After you’ve checked that there aren’t any leaks in any hoses or containers and that all the appliances are working fine:

  • Fill up the propane tank.
  • Shut off the fuel supply completely.
  • Cover the tank to keep off any dirt or dust.
  • If you have a removable tank, take it out of the RV and cover it appropriately.

Battery care

While in storage, you can either leave the battery in or, if you live in colder climates, take it out completely. If you plan on starting the RV every few weeks, you don’t have to take the battery out. You can also connect the cells to shore power while the unit is in. If you decide to take the battery out:

  • Turn off the RV and set the emergency brake.
  • Consult your owner’s manual to locate the unit.
  • Disconnect the cables, negative (-) side first.
  • Clean the unit with a solution composed of 1 cup of water and 2 tablespoons of baking soda.
  • Apply the solution to the corrosion on the battery terminals and scrub it off with a wire brush.
  • Open the fill cap at the top of the battery and fill with distilled water.
  • Attach the red (+) cable of the charger to the positive end of the battery first.
  • Then attach the black (-) cable to the other end.
  • Allow the cell to charge completely.
  • Remove the cables.
  • You won’t have to return the battery to its terminal until you are ready to drive your RV.

Tire care

RV tires take a pounding year round. While in storage, the effects are much harsher because the weight doesn’t redistribute around the tires, resting on only one spot week after week.

If you’re lucky enough to have a leveling system, you should consider using them to support the vehicle’s weight on the jacks instead of the tires. But if you will be using these jacks long-term, make sure to consult the device manufacturer and review the owner’s manual to see what they recommend. Using a set of outside jacks or blocks for each axle will be your smarter bet, and save you on replacing your tires before their time.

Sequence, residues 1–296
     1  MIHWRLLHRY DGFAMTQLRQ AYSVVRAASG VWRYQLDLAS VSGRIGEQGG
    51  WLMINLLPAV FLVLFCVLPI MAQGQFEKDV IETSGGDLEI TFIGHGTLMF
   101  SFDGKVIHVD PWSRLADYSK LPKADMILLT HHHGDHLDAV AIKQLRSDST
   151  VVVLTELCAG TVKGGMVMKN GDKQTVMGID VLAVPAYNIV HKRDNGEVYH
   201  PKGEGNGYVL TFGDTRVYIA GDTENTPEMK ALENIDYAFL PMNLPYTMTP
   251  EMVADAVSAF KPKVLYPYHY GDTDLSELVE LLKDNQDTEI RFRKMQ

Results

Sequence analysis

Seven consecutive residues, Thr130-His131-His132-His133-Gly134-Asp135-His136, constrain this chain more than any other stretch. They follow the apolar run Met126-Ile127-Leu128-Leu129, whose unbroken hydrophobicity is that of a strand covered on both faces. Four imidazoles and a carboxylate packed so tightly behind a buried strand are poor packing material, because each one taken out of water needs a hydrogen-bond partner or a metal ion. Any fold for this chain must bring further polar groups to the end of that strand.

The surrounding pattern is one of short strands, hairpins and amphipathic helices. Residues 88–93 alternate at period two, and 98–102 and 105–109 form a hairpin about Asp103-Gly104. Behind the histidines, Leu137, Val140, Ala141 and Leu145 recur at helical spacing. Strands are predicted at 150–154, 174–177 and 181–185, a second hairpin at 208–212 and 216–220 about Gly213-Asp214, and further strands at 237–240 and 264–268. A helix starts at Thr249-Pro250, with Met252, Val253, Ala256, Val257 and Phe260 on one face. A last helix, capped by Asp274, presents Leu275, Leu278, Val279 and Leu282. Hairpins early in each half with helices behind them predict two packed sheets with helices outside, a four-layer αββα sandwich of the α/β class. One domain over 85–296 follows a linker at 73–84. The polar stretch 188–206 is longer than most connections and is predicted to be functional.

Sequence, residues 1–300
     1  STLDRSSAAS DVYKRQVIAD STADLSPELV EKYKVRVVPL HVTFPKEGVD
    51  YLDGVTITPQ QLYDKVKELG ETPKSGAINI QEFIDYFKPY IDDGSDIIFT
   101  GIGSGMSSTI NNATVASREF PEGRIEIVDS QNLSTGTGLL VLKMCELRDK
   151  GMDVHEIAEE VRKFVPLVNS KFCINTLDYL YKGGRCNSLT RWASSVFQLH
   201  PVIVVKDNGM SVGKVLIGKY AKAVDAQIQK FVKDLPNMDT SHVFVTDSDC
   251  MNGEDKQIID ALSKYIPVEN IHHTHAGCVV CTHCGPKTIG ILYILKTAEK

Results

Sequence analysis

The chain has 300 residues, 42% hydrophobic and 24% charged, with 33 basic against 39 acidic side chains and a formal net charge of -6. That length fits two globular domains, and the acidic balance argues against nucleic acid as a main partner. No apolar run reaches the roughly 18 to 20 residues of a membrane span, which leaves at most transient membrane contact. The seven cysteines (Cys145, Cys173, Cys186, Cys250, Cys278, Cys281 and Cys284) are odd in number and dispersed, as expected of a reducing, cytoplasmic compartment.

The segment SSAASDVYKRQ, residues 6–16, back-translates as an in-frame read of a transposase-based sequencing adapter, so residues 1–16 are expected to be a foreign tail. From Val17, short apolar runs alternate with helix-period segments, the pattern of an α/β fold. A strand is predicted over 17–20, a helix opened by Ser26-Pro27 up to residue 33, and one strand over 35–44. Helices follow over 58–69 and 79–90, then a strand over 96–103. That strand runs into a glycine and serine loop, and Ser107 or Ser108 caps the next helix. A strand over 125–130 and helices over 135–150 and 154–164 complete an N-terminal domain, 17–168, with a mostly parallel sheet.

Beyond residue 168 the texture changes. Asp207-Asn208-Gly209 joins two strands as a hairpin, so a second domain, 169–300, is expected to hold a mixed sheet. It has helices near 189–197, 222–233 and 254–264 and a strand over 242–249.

If you live close enough to your chosen storage location, a great method to save your tires and your wallet would be to move the RV one-half turn every month or so to distribute the weight around your tires. Engine care

Engines should be prepared for long stretches of inactivity—especially in harsh climates.

Fuel stabilizers (an engine additive) can be purchased at most automotive or RV supply stores can protect your fuel system when the weather dips. If you do decide to use one:

  • Top off the gasoline tank.
  • Be sure to add the right one for you engine type (gasoline or diesel).
  • Idle the engine to allow the additive to flow throughout the whole system.
  • Check the instructions on the label for additional steps

Other fluids should also be topped off to help with freezing or drying out. Check and refill these fluids:

  • Oil
  • Coolant/anti-freeze
  • Windshield wiper fluid
  • Transmission fluid
  • Brake fluid
  • Power steering fluid

Questions to consider before putting your RV in storage

  • What sizes are available? Do some research to figure out what size fits your RV.
  • Open or covered unit? Covered units add extra protection against the elements.
  • What fits my budget?

Make sure you have all the important paperwork

RV storage does have a few requirements:

  • RVs must be in running condition or loaded on a trailer.
  • You will be asked to show registration and/or title.
  • Depending on the state, vehicle storage tax will vary.

Find An RV Location Near You